Mozambique Tests the Reagan Doctrine

Report Africa

Mozambique Tests the Reagan Doctrine

October 28, 1986 3 min read Download Report
John E.
Senior Research Fellow

(Archived document, may contain errors)

10/28/86 138


T he death last week of Mozambican leader Samora Machel in a plane cras h once again has focused international attention on the war in that strategic southern African nation. For the past ten years, the democratic resistance forces of the Mozambique National Resistance (RENAMO) have been fighting Machel's Soviet-backed Front f or the Liberation of Mozambique (FRELIMO) regime for control of the country. In recent weeks, RENAMO forces have taken control of large segments of the northern provinces, leading to speculation that Machel and his Soviet allies would call on Soviet bloc combat forces for help.

The sudden death of Machel and the resulting political uncertainty within Mozambique thus offer an opportunity and a threat: the opportunity for national reconciliation between the warring factions, leading to a coalition government and the withdrawal of all foreign forces; and the threat of further Soviet penetration of southern Africa, with Soviet bloc combat forces emplaced for the first time on the borders of the Republic of South Africa itself. The outcome will in large measure depend upon the immediate response of the West, particularly the United States, where it will test the Reagan Administration's promise to help freedom fighters.

The current situation began developing in early September, when Machel and his Defense Ministe r visited northern provinces of Mozambique with three Soviet and two Cuban military advisers to see what could be done to blunt RENAM01s increasing gains. Apparently following Soviet advice, Machel arranged a meeting with President Kamuzu Banda of Malawi, a nation that borders Mozambique on the north, which the insurgents had been using as a sanctuary. Joining Machel at this meeting were Zambian President Kenneth Kaunda and Zimbabwean Prime Minister Robert Mugabe. Both nations depend upon Mozambique for ac c ess to the sea for their imports and exports. Together they pressured Banda to cut off his support for the guerrillas and turn the rebels over to the Mozambican army. Machel even threatened to station his Soviet-made missiles on the Malawi border if Banda refused.

Banda told RENAMO leaders they would have to leave Malawian territory. The rebels began streaming back into Mozambique by the thousands, and within a matter of days, they had captured several strategic towns in northern Mozambique. For the firs t time, Machel publicly admitted that his regime had lost control of portions of Mozambique. His strategy had backfired. Machel, meanwhile, faced a threat from the so6th as well. On October 6, a land mine exploded in South Africa, close to the Mozambique b order, wounding six South African soldiers. General Magnus Malan, the South African Defense Minister, blamed the terrorists of the African National Congress (ANC) for the explosion, and charged that they had infiltratea South Africa from Mozambique. He th r eatened retaliatory action against Machel's regime'if the ANC were allowed to continue operations from Mozambican territory. The South African government also announced that henceforth no Mozambicans would be recruited to work in South Africa and that the 61,000 Mozambicans currently working there would have to leave when their work permits expired. These developments,'in the eyes of most observers, meant that Machel regime's days were numbered--even before the plane crash that killed him.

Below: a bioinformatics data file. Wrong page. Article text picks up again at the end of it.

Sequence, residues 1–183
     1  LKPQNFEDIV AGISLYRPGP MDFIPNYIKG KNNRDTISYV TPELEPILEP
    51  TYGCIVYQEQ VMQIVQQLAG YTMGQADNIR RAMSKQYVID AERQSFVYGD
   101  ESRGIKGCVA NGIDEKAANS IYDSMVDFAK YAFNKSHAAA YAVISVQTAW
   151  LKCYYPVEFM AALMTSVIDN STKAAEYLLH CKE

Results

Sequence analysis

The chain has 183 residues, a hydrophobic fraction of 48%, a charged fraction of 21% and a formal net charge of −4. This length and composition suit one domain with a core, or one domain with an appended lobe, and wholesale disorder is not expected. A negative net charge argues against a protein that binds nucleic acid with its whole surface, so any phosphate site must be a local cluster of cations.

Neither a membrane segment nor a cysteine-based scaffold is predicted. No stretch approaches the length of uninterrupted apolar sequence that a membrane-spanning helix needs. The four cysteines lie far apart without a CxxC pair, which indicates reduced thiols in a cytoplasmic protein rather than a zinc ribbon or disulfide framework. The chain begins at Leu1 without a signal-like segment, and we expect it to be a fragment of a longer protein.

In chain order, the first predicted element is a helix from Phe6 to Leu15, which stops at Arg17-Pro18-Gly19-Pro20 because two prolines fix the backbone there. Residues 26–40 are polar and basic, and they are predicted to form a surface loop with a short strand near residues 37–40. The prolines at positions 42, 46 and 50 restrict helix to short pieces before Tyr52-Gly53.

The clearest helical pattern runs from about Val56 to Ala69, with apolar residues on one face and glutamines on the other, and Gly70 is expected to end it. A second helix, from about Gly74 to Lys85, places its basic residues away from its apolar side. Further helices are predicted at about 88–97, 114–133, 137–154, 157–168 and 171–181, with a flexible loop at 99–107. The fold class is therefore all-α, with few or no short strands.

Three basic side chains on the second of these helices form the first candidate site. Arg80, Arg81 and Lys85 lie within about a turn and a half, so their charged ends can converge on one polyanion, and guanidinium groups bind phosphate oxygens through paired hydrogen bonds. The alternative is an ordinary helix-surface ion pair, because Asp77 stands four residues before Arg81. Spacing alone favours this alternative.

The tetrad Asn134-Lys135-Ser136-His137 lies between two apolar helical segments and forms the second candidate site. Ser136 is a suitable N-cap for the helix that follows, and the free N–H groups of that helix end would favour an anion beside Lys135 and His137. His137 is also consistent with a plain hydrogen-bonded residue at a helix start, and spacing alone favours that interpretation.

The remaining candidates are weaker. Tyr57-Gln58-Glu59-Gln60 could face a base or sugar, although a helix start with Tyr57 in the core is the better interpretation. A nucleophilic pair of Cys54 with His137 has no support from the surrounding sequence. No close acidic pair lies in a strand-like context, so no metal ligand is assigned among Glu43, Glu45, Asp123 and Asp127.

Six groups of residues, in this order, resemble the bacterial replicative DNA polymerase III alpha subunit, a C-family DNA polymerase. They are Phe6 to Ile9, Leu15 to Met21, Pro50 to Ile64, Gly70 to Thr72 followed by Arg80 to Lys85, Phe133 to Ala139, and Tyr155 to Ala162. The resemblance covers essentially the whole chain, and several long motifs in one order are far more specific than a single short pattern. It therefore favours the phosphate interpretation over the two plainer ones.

The introduction now of Cuban or other Soviet bloc combat forces into Mozambique would exacerbate an already unstable situation and most likely force an invasion by South African units. This could trigger a generalized regional war, with disastrous consequences for the p eople of southern Africa.

Clearly, a military solution is beyond the reach of what remains of the FRELIMO-regime. Without direct combat support from the Soviet bloc, the regime will be forced to negotiate with the rebels. To encourage this, President Reaga n must put Fidel Castro on notice: under no.circumstances will the U.S. allow Cuban combat forces to be deployed to Mozambique. Nor should the U.S. tolerate Ethiopian or other Soviet bloc forces. Further, the U.S. should immediately cut off all assistance to the FRELIMO regime (which totaled $39 million in 1985), and ask the British to do the same. Reagan should call for the withdrawal of all foreign forces from Mozambique (roughly 2,500 Soviet bloc military and security advisers and 10,000 to 13,000 Zimba b wean and Tanzanian troops) and insist upon negotiations between FRELIM0 and RENAMO aimed at holding new elections. If the FRELIMO regime ignores Reagan's overtures, he should consider, under the terms of Reagan Doctrine aid to freedom fighters, providing direct military assistance to the insurgents.

only immediate and decisive U.S. action can prevent Soviet bloc combat forces from being rushed to Mozambique. These forces would ensure a bloody southern African regional war and the possible extension, via Cu ban proxies, of the Soviet empire. Ronald Reagan has vowed to halt that empire. Mozambique will be testing him.

William W. Pascoe, III Policy Analyst



John E.

Senior Research Fellow